This is from my FaceButt post on the subject yesterday:

    The invasion of Europe had been planned for years, and meticulously so, with divisions of soldiers dedicated to the inevitable task. As is always the case with battle plans this version, overseen by the politician/bureaucrat Eisenhower rather than by a combat-experienced leader, was on track to fail from the time of its birth. Notable pieces of the plan were successful, the Mulberry Harbor comes to mind, but survival and eventual success in those early days of the invasion was solely due to the bravery, ingenuity, and resourcefulness of small-unit riflemen and had nothing whatever to do with the supercilious oversight and planning from the upper echelon. None of the intricately-timed maneuvering, none of the layered interdependent actions expected by Eisenhower’s war-gaming chess-board whiz kids was effective; the men were hindered by the plan and its failings from the outset and the assault quickly morphed into a disorganized gory bloodbath. The first to encounter the enemy on his own territory were the parachute troops from the 101st and the 82nd Airborne Divisions, both elements were flown behind enemy lines hours before the landing craft made their way to the beaches with orders and training to disrupt, eliminate, and occupy. Planners expected to surprise the enemy with both the timing of the invasion and its location, but the enemy had put strong defensive works in place long before, and likely drops zones were defended by German troops expecting their arrival. Some men of the 82nd landed generally close to their intended drop zones near the strategically important town of St. Mere-Eglise – the first to land were killed or captured quickly – while the 101st were meant to be dropped a little further east and south, nearer Utah Beach but both were scattered across the Contenin peninsula, and few were placed where planned. Both divisions faced intense enemy opposition; the unintended dispersal greatly burdened the men and truncated the missions’ success. But the confusion also gave an unintentional assist to the invading troops, the initial chaos offering no massed troops and no unified direction for the enemy to counter-attack.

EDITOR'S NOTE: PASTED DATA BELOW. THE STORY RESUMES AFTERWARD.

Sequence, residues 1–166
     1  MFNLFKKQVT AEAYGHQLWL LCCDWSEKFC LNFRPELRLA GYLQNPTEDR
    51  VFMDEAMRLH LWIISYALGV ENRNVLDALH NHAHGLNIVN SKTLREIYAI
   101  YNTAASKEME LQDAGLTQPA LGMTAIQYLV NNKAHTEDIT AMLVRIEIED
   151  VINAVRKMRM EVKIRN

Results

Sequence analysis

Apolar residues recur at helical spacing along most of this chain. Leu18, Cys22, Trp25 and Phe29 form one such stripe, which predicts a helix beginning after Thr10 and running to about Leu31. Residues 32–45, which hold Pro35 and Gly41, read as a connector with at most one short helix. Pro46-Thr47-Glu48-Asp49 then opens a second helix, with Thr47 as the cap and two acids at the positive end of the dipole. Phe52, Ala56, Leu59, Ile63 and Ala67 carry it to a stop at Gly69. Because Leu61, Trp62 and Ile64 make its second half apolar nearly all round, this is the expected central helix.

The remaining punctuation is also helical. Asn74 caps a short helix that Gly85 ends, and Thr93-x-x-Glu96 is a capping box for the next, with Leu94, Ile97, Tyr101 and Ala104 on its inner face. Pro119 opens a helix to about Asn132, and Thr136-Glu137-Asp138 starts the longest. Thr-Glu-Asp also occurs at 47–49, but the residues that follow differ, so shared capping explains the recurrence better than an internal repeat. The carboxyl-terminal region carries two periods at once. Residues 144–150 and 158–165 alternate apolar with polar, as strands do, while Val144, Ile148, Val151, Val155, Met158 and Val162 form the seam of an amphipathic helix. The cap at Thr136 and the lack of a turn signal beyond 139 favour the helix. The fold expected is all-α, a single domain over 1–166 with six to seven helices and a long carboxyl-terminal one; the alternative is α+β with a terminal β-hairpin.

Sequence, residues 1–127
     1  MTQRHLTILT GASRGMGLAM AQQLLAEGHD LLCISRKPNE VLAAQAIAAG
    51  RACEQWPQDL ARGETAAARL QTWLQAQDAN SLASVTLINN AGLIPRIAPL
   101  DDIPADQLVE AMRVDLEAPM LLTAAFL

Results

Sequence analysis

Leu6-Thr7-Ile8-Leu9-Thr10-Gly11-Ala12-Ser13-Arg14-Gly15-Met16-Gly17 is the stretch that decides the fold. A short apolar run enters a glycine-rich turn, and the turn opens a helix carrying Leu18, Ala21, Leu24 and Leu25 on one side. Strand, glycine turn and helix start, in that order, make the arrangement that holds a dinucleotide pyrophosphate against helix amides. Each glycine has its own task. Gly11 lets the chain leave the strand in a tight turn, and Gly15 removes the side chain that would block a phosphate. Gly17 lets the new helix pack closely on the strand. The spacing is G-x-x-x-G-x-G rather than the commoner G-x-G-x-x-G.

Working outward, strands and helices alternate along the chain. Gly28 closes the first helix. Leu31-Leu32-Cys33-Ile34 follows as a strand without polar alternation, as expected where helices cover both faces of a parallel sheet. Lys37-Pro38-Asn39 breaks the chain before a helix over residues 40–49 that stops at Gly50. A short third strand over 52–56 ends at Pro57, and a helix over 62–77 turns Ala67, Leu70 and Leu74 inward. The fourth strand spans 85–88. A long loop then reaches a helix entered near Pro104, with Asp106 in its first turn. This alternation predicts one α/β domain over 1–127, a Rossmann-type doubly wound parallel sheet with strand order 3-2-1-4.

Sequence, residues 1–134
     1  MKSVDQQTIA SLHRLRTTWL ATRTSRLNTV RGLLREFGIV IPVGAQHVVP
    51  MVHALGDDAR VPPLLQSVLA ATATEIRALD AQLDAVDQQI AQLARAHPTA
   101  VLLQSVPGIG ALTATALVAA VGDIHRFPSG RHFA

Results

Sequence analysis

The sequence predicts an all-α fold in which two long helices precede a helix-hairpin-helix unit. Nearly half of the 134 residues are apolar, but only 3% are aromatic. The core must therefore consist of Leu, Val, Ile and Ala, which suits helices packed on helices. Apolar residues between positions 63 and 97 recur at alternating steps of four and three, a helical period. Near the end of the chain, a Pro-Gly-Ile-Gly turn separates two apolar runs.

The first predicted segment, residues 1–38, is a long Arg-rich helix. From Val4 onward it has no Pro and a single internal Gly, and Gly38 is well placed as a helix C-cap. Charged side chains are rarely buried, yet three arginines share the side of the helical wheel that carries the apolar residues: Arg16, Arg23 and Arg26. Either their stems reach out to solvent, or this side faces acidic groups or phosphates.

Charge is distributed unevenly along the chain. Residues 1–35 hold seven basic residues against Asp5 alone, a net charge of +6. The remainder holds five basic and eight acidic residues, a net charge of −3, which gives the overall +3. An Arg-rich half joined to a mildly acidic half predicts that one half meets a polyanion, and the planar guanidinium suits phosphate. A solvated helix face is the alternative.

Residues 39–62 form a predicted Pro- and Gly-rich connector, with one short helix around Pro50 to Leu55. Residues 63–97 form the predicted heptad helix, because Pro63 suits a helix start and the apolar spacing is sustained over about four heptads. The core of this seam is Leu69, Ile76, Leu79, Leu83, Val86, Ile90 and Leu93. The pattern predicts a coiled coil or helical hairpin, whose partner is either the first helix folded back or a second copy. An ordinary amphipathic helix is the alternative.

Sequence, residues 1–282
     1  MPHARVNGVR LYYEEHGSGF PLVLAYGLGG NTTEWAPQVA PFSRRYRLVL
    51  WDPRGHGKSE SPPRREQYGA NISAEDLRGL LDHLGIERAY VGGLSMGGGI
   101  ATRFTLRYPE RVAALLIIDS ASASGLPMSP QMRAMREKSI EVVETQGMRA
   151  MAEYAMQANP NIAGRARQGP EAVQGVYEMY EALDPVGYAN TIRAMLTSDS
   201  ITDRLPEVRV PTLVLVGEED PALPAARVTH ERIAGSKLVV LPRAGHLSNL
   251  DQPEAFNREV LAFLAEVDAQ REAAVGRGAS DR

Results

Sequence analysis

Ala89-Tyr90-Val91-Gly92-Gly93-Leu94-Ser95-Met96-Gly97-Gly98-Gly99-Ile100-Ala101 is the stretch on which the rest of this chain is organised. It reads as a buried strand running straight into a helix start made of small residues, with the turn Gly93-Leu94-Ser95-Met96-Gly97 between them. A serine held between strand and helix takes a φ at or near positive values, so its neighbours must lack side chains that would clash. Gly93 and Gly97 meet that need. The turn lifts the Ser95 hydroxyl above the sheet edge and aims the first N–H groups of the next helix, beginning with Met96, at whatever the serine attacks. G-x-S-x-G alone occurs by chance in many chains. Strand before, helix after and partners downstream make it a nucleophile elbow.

• Dan Patterson June 6, 2019, 5:08 AM

    The common refrain of “a second front” is also a sloppy mis-step. The invasion of France opened not a second but a third (if not fourth) front against Nazi Germany; The fabled Eastern Front, The Southern Italian Campaign was in full fury, though disastrously mis-managed by Mark Clark among others, then the Napoleonic frontal assault on France.

  • Twosheds June 6, 2019, 12:38 PM

    “early 1918,…Soviet government under Lenin had made a separate peace with Imperial Germany.” VDH said the only treaties the USSR kept was the one they had, to not attack Japan….our enemy.